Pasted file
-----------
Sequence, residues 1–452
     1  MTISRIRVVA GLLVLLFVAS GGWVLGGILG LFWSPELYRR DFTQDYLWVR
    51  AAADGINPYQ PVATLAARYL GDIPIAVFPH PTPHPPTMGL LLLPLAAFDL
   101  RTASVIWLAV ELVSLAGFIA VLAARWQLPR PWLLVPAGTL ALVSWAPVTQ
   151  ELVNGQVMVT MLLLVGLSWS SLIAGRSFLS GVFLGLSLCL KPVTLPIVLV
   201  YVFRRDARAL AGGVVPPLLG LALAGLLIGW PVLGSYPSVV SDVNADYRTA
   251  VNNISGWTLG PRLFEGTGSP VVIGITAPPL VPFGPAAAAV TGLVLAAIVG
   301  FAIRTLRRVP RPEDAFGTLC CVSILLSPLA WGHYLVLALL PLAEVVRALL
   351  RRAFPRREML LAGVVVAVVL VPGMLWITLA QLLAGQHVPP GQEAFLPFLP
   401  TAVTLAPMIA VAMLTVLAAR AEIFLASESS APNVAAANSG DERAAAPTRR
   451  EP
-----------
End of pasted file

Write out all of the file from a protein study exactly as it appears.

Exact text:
Sequence, residues 1–452
     1  MTISRIRVVA GLLVLLFVAS GGWVLGGILG LFWSPELYRR DFTQDYLWVR
    51  AAADGINPYQ PVATLAARYL GDIPIAVFPH PTPHPPTMGL LLLPLAAFDL
   101  RTASVIWLAV ELVSLAGFIA VLAARWQLPR PWLLVPAGTL ALVSWAPVTQ
   151  ELVNGQVMVT MLLLVGLSWS SLIAGRSFLS GVFLGLSLCL KPVTLPIVLV
   201  YVFRRDARAL AGGVVPPLLG LALAGLLIGW PVLGSYPSVV SDVNADYRTA
   251  VNNISGWTLG PRLFEGTGSP VVIGITAPPL VPFGPAAAAV TGLVLAAIVG
   301  FAIRTLRRVP RPEDAFGTLC CVSILLSPLA WGHYLVLALL PLAEVVRALL
   351  RRAFPRREML LAGVVVAVVL VPGMLWITLA QLLAGQHVPP GQEAFLPFLP
   401  TAVTLAPMIA VAMLTVLAAR AEIFLASESS APNVAAANSG DERAAAPTRR
   451  EP